To identify and systematize available empirical evidence on factors and interventions that affect working conditions and environment in order to increase the attraction, recruitment and retention of human resources for health at the primary care level in rural, remote or underserved areas.
Rapid review of reviews selected according to relevance, eligibility and inclusion criteria. The search was conducted on electronic and manual databases, including grey literature. AMSTAR I was used to assess the quality of systematic reviews and a thematic analysis for synthesis of the results.
Sixteen reviews were included, one of which contained 14 reviews. Of the total, 20 reviews analyzed factors and 9 evaluated the effectiveness of interventions. The evidence on factors is abundant, but of limited quality. Individual, family and “previous exposure to a rural setting” factors were associated with higher recruitment;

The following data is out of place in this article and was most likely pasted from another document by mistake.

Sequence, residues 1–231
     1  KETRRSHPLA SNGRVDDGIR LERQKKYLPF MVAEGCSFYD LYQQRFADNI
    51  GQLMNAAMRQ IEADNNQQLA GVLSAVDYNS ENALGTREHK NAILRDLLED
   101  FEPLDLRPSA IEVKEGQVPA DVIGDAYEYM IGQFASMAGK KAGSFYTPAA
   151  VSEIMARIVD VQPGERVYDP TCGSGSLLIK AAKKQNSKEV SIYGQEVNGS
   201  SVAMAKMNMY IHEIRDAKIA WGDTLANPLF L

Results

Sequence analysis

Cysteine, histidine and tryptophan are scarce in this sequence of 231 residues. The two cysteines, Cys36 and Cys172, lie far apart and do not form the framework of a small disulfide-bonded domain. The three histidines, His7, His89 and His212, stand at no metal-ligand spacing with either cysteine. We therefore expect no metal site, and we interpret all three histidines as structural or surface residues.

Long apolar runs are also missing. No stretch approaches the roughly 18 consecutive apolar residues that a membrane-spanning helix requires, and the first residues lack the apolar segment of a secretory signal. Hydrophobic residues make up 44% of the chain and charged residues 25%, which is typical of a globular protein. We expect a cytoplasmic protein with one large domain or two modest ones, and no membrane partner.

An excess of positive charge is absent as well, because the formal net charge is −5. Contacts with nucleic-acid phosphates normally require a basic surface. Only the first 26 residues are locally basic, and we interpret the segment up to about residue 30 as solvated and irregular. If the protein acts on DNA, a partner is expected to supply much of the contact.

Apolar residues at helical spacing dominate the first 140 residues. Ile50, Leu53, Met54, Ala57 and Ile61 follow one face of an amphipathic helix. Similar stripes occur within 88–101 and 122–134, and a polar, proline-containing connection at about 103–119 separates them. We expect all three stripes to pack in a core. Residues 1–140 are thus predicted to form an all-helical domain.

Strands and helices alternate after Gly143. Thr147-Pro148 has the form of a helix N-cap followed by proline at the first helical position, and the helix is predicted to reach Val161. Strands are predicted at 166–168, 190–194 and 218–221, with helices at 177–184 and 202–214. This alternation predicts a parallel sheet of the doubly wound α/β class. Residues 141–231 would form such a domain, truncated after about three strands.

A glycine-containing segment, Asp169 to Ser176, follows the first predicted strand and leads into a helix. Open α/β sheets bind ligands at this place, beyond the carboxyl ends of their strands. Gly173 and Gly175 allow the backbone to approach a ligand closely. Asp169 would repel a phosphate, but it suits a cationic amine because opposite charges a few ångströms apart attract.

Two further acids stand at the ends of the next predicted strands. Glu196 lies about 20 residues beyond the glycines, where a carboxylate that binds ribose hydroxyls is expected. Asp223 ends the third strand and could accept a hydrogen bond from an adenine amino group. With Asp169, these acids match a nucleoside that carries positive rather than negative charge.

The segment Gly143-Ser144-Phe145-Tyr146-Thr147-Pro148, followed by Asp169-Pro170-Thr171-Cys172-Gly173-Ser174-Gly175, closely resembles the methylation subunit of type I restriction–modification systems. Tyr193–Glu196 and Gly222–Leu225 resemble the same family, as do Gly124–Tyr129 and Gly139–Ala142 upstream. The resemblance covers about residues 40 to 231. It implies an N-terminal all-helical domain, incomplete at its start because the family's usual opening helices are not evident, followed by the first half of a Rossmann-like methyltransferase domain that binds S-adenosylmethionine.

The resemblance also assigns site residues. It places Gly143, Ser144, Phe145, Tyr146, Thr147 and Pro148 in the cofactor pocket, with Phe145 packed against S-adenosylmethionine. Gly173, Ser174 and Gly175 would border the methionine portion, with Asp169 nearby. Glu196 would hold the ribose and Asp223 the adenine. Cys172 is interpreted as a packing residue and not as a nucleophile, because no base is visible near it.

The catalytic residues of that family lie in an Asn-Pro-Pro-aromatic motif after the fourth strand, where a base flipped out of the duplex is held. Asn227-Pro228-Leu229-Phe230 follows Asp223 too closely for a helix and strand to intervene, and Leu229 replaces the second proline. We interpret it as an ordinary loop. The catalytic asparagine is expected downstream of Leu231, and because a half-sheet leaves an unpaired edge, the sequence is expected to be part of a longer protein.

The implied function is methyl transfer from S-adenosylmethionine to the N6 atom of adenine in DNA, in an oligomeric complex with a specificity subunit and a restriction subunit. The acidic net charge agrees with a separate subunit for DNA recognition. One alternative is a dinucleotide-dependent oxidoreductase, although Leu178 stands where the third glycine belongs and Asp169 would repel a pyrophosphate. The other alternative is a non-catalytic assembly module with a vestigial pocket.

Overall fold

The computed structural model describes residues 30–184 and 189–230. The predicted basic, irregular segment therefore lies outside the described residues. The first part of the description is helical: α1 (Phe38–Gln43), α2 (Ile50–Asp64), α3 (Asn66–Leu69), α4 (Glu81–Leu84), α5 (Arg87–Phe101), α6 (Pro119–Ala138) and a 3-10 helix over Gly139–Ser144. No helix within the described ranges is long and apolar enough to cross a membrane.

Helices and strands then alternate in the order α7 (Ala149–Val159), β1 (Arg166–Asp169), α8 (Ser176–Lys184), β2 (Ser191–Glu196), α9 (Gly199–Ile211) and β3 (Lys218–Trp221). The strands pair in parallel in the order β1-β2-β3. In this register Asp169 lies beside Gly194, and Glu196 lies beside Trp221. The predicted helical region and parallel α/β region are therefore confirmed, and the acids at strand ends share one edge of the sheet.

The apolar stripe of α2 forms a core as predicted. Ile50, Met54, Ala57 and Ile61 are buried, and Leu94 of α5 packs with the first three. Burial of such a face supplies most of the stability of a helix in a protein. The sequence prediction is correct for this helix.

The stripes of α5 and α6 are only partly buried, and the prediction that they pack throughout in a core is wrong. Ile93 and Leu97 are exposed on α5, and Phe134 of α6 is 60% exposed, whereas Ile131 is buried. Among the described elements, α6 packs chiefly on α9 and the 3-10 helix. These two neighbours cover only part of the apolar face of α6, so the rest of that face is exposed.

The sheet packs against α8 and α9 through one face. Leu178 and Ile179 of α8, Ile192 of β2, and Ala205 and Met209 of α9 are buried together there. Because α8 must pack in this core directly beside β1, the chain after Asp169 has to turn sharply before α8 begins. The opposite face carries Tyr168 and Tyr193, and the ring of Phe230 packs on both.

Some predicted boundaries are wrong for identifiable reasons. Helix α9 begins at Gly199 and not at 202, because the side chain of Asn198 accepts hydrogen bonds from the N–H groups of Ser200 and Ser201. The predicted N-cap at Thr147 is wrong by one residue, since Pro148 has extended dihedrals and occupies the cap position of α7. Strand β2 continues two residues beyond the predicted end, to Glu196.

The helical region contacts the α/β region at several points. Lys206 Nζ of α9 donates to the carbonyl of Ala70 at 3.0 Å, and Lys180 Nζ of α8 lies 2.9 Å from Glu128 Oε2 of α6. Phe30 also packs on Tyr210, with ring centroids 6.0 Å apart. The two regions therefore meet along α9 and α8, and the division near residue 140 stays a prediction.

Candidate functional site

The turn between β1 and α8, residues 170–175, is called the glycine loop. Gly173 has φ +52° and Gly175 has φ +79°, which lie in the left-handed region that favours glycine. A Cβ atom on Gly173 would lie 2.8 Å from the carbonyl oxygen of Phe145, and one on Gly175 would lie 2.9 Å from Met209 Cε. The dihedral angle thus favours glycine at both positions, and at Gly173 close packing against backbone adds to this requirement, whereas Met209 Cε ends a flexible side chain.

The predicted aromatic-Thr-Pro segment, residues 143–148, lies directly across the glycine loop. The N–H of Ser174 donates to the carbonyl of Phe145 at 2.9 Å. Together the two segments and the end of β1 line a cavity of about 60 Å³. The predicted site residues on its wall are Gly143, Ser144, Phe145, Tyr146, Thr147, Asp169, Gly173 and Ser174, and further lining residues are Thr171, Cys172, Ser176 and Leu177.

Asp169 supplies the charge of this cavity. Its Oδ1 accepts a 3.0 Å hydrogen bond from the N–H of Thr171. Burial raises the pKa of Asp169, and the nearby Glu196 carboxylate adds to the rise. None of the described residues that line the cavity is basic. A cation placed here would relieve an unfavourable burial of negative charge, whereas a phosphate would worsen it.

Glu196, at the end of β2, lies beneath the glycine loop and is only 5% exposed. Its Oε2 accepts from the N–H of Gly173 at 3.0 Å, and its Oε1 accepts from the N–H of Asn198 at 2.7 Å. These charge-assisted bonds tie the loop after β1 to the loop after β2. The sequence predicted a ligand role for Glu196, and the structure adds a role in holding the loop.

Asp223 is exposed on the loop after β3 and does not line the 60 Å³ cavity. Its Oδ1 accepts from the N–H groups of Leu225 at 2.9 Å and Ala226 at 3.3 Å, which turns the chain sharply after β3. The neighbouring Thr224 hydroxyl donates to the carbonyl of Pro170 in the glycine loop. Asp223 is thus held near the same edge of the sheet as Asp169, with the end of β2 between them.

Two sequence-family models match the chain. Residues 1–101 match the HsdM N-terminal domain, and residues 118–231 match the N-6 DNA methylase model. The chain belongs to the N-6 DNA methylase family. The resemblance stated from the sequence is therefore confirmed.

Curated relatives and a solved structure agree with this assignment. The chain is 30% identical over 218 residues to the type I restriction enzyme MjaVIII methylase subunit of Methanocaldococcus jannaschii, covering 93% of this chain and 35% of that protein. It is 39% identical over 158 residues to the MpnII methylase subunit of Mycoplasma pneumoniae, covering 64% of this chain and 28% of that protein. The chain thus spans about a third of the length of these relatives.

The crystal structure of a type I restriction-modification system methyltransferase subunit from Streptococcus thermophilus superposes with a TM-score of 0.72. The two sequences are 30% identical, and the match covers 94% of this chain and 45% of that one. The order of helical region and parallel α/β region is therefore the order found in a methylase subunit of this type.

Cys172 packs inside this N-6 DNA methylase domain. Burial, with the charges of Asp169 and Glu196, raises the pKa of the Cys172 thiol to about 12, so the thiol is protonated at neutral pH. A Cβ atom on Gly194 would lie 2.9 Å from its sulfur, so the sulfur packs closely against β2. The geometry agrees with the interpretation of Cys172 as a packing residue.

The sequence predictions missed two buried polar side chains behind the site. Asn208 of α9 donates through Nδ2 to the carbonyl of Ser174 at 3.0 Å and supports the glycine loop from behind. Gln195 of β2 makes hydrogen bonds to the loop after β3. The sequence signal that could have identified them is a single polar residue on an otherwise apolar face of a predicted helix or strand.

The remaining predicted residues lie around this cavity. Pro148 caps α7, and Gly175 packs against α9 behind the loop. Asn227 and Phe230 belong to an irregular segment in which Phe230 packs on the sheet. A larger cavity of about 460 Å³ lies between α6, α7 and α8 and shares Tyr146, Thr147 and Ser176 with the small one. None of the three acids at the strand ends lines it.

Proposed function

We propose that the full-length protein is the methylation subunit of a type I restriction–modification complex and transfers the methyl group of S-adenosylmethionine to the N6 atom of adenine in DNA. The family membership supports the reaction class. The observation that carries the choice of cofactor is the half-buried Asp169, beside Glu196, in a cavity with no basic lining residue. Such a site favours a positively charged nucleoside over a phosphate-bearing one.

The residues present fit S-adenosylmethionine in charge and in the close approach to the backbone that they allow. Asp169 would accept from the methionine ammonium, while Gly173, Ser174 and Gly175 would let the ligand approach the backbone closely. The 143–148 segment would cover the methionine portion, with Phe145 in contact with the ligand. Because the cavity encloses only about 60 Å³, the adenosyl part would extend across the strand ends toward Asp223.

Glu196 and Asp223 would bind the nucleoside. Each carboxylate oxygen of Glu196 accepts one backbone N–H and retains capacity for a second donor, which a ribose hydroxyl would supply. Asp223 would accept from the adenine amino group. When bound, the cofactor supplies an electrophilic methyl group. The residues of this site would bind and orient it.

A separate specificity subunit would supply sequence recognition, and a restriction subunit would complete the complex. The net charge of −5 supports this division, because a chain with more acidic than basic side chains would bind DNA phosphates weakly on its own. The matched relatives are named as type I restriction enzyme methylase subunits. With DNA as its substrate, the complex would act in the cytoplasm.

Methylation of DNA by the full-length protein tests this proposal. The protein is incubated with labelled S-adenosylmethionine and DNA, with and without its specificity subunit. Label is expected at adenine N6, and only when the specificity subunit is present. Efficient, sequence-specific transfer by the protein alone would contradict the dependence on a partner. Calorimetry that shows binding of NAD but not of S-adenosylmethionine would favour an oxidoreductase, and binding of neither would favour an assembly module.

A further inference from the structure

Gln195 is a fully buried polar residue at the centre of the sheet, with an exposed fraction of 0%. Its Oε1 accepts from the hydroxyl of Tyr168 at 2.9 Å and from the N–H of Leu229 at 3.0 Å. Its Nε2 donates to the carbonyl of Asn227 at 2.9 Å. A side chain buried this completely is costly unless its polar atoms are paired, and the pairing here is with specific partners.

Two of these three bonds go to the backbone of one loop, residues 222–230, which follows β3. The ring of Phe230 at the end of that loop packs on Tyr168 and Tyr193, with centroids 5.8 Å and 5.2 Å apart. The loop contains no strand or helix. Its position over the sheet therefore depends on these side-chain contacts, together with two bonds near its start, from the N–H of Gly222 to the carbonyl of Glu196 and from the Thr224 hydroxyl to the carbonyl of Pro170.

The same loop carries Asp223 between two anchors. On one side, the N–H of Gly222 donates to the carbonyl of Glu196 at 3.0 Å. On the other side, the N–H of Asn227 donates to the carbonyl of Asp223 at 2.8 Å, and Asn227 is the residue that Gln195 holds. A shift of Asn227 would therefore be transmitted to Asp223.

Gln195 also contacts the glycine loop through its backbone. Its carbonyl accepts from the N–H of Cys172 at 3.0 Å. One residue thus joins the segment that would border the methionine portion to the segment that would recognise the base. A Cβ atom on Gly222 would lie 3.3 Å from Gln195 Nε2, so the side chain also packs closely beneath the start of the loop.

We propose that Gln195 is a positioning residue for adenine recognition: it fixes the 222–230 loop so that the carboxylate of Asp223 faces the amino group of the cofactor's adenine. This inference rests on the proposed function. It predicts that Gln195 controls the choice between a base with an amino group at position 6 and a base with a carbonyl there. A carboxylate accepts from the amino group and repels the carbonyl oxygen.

organizational and external context factors were important for human resource retention. Networking and professional support influenced recruitment and retention. Evidence on the effectiveness of interventions was limited, both in quantity and quality. The most frequently used intervention was incentives.
Evidence on factors that are positively related to recruitment and retention of workers at the first level of care in rural, remote or underserved areas is sufficient and should be taken into account when designing interventions. Quality evidence on the effectiveness of interventions is scarce. More controlled studies with methodological rigor are needed, particularly in the Americas.